“Generational Sins” is not your typical faith-based movie — nor does it want to be. Writer-director Spencer T. Folmar (pictured above on the left) set out to do something a little different, with the drama about two brothers who reconnect after the death of their mother.

“I’m not that well-versed in the traditional faith-based films,” Folmar told LifeZette in an exclusive interview, noting he wanted his film to have an “authentic” and “universal” appeal that many faith-based movies are missing.

“The reality that the films are set in, traditional faith-based films, is a reality I don’t recognize,” Folmar said, adding that many of the stories can feel “sanitized,” which is partly why critics aren’t often very warm to them in reviews.

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Folmar, 27, wanted to break the mold with “Generational Sins.” The film has a grittiness to it, fairly unusual for a film about faith, although many popular movies set around the theme of faith have successfully done it before –– primarily “The Passion of the Christ” and “Hacksaw Ridge,” both directed by Mel Gibson.

“We [sometimes] live in an often overwhelmingly dark world,” Folmar said, adding that Christians have a unique opportunity when telling adult stories because of “eternal truths we can infuse in our stories.”

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The “dark world” in “Generational Sins” is not as adult or extreme as, say, in “Ray Donovan,” a Showtime series with religious themes that stars the openly Christian and conservative actor Jon Voight. “Generational Sins” simply contains a handful of curses from the main cast and others, as well as some references to drug use and promiscuous sex.

The harsher elements of the story have earned the film a bit of controversy. “The movie won’t do well if it’s advertised as faith-based,” Movieguide editor Tom Snyder told The Hollywood Reporter recently of “Generational Sins.”

Movieguide founder Ted Baehr added, “It’s off-putting for the audience. People don’t swear that much in public, except maybe in the hallowed halls of Hollywood.”

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“He hasn’t seen the film,” Folmar said of Baehr, adding that the curse words in the film are part of the mission to be “authentic.”

Added Folmar: “We can all admit people cuss.”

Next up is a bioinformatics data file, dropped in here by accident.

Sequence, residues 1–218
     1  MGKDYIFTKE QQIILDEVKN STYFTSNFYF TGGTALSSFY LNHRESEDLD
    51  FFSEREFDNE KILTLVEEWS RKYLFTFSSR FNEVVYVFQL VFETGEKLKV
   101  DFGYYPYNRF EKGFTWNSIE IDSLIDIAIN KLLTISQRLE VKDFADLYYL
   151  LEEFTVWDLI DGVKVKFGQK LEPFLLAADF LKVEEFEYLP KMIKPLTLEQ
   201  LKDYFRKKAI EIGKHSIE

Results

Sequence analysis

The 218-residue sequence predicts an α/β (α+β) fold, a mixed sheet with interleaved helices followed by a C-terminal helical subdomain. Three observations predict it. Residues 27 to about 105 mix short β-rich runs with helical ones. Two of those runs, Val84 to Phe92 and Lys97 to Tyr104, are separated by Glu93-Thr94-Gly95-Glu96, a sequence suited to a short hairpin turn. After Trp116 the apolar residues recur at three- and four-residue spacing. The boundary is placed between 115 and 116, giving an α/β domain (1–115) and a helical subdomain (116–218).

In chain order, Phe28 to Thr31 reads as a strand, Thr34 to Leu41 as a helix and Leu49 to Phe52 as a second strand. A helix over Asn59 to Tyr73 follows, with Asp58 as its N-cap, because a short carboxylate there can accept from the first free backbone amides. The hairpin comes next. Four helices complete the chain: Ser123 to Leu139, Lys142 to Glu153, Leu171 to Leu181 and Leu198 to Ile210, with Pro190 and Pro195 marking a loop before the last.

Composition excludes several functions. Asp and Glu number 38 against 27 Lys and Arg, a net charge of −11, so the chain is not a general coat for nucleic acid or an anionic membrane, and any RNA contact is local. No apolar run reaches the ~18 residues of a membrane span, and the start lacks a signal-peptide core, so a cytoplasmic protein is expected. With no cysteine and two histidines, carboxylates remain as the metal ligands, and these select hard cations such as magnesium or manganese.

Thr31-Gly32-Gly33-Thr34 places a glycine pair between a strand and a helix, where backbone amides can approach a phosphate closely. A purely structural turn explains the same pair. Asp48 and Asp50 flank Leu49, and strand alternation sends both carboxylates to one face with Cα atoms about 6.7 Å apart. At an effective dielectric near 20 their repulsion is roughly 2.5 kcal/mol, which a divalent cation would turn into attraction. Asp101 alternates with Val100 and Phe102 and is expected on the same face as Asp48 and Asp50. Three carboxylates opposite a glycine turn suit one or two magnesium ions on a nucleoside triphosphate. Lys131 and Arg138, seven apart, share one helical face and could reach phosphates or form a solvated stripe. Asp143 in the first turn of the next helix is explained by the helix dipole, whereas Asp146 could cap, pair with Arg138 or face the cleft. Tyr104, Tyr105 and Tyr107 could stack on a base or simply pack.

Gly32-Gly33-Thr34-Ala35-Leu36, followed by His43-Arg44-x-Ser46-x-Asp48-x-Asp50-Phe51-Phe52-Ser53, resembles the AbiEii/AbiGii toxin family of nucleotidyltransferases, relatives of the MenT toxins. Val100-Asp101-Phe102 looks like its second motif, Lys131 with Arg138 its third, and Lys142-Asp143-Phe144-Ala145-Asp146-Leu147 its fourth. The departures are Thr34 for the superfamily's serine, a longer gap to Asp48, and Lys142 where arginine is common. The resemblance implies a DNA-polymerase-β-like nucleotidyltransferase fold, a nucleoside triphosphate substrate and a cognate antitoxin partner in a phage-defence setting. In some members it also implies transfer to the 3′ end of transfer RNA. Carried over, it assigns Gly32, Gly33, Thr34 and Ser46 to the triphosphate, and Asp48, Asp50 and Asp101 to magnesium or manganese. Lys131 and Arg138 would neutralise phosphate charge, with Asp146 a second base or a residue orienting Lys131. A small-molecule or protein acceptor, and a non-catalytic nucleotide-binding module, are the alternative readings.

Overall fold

Even though Movieguide, which reviews films from a Christian perspective, is no fan of the film, Folmar believes there is a large Christian audience looking for this sort of adult content. He called the film part of an “emerging new genre” he hopes to continue through the production company, Third Brother Films. The irony of it all is that “Generational Sins” was hit with an official PG-13 rating. While rough and gritty, it was cleared by the MPAA to be seen by viewers under 17.

“We can all admit people cuss.”

Beyond the goal of making a faith-based picture for adults, Folmar also wanted to make a statement about the current culture in America. In his movie, the two central brothers could not be more different. One is accustomed to the practical day-to-day, blue-collar life of Middle America, while the other is used to his privileged lifestyle in the city.

As many do, Folmar sees a growing divide culturally between many in Middle America and those living in coastal cities in states like California. Born in Eustis, Florida, Folmar grew up in a rural town in central Pennsylvania — and now lives in Los Angeles. He has an appreciation for rural areas and cities that he wanted to show.

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“I love small towns,” he said, calling them the “foundation” of the country. Though he grew up “very rural,” Folmar has an appreciation for the “options” his current fast-paced city provides those who are in pursuit of career success.

It’s a mutual appreciation he felt was not being acknowledged or shown enough. “The world is very divisive right now,” he said, but added that it is less divisive than is often portrayed in the media. He said he still loves visiting home and is never treated any differently. “Neither one is better than the other,” he said of rural towns and big cities.

“Generational Sins” will be released on October 6.